Nearly 6% of all electricity consumed in the United States powers air conditioners in our homes and businesses. We love our creature comforts, and a reliable way to beat the heat is high on the list of things we value. When problems arise with our air conditioners, it’s natural to want to know what’s going on right away to correct the problem as soon as possible. Perhaps one of the most frustrating things we experience is short cycles that leaving us wondering, “Why is my air conditioner going on and off?”
Short cycling occurs when a minimal period elapses between your AC unit shutting off and activating again. Depending on the temperature outside and your thermostat settings, a normal cycle runs between 15 and 20 minutes. If you find your unit cycles on and off again every few minutes, it’s usually indicative of a problem developing in your system. There is no easy one-size-fits-all answer to the question of why this happens. It could be a combination of problems or a single issue.
Your AC unit is too large for the space
Can you have too much of a good thing? When it comes to air conditioning, the answer is “yes.” Short cycling can sometimes occur after you complete the installation of a new system. The unit you selected can be too powerful for the amount of space in your home that requires cooling.
At first, it can seem like a good thing—you’ll notice your home cools down very quickly. However, the short cycle times can become not only frustrating but also detrimental to your energy bill. A unit that is overpowered for your home’s size may draw more energy to start each time, and frequent cycles increase that burden. Discussing your options with a trusted HVAC professional is the right way to go if you’re in this situation.
Your air filter is dirty and taxing the system
This is the best-case scenario for a short cycling air conditioner. As you wonder, “why is my air conditioner going on and off?” you should also ask yourself, “When was the last time I changed the filter?” While your filters are in place to help cut down on the dust and allergens your AC circulates through your home, they do eventually become dirty. As contaminants become trapped in the filter’s fibers, air flow gradually reduces until the system must work much harder to draw in an equivalent volume of air.
A filthy filter not only puts more strain on the unit but can also cause the system to short cycle. Swap your filter for a fresh one, especially if it’s been months since the last change. This switch may resolve the problem by restoring strong airflow to the system. There are plenty of other good reasons to change your air filter, like better energy efficiency and improved air quality.
Your thermostat is not in an ideal location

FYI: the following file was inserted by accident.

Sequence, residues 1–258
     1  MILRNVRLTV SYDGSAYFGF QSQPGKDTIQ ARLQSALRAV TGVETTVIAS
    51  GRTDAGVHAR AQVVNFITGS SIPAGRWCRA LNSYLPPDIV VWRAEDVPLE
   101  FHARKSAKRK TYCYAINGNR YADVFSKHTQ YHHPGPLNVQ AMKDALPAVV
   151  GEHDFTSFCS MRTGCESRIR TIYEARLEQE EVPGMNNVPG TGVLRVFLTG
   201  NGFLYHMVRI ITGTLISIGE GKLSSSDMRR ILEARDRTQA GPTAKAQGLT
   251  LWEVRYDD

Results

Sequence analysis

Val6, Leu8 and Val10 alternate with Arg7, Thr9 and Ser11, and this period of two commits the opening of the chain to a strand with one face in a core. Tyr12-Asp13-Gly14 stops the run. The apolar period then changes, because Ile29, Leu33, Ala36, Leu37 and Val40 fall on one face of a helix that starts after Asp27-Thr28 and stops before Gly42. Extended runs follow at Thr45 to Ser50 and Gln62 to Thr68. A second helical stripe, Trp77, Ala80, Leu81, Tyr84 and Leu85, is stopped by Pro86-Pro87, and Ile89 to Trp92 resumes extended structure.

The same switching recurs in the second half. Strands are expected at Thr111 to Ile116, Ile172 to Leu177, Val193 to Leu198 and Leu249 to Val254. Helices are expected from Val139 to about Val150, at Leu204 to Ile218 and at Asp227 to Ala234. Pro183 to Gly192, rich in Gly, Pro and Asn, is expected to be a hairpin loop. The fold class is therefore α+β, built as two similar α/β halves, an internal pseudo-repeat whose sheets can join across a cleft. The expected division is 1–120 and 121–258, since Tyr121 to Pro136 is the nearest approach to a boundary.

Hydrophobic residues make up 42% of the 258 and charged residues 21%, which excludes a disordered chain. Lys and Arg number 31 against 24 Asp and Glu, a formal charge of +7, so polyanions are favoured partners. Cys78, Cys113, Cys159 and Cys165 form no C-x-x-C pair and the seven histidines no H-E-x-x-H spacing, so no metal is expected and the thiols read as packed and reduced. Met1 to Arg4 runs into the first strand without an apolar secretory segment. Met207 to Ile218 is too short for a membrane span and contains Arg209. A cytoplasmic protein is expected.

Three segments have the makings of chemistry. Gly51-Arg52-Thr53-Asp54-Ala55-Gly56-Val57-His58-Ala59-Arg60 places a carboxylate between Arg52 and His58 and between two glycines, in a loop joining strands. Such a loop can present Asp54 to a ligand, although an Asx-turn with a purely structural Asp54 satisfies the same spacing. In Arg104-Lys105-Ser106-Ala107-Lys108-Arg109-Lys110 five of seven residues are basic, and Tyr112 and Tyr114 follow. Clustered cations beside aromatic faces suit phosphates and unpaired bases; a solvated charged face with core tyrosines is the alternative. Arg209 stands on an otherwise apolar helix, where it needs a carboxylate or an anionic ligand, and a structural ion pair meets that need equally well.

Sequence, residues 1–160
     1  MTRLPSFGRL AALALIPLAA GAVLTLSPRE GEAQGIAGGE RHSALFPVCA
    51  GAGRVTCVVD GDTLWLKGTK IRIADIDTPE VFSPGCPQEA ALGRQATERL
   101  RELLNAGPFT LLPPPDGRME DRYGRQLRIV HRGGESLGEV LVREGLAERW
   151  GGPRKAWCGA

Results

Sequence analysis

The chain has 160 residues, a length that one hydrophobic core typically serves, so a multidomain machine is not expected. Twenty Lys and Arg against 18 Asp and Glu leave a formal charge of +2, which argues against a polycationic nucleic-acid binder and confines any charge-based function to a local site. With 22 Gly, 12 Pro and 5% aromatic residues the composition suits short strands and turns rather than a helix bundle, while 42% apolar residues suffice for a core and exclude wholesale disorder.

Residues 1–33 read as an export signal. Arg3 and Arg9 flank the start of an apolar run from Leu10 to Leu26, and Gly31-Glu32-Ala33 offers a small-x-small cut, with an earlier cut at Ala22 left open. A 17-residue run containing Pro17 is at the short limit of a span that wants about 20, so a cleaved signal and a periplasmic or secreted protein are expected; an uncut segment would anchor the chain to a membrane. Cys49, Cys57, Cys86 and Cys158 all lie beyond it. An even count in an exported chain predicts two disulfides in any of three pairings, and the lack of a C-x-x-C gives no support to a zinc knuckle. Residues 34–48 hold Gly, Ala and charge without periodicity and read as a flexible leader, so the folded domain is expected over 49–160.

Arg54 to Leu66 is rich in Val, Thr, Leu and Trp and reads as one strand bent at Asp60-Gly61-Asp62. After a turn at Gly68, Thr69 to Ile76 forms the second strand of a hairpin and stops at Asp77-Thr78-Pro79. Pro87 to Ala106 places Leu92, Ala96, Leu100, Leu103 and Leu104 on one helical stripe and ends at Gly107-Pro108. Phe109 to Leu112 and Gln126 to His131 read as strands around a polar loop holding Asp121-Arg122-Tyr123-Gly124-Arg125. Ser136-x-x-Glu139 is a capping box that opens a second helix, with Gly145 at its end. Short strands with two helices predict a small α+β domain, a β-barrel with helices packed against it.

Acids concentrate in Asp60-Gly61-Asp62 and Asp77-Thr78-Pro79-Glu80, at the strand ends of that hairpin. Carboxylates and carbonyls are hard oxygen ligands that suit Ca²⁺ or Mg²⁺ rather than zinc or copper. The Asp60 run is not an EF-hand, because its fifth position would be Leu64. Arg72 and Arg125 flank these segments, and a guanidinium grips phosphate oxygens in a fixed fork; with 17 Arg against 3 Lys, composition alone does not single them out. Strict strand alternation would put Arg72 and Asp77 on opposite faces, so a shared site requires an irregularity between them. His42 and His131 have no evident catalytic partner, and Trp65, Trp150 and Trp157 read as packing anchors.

In some cases, the problem lies not in the air conditioner but in the unit controlling its actions—your thermostat. Keep in mind the thermostat senses the ambient air temperature in the location where it was installed. Ideally, this is in a location recording temperatures that are comparable to the temperatures elsewhere in your home. Some locations can expose the thermostat to big temperature variations, triggering rapid cycles.
Direct sunlight or positioning near doors and windows can cause these issues. If you think your thermostat isn’t in a good spot, call for help and request a relocation. Since this will involve your home’s electrical wiring, it’s best not to tamper with the setup yourself.
Your compressor is low on refrigerant
Sometimes your unit engages and disengages quickly because it can’t meet demand properly. This often occurs when the unit is low on refrigerant or when a leak has allowed most of it to escape into the environment. Lacking the ability to fully and thoroughly cool the home, the system shuts off until the thermostat tells it the temperature still needs adjustment. The system continually tries to attain a temperature it cannot generate. In a similar vein, your condenser coils may be very dirty, hampering the fan’s ability to cool refrigerant back to normal temperatures.
Getting a professional answer to “Why is my air conditioner going on and off?”
When swapping your filter out doesn’t do the trick, solving this problem can easily become a source of frustration. However, instead of wondering “Why is my air conditioner going on and off,” take action. Investigate the potential causes and try fixes you can safely complete on your own.
When all else fails, reach out for an experienced technician’s help. Get your energy bills back under control and enjoy the proper climate control you expect instead of contending with the frustrations caused by short cycles.
Valley Comfort conducts Air Conditioning Installation & Repair Services in the following communities: Santa Rosa, Napa, Rohnert Park, Healdsburg, St Helena, Calistoga and Windsor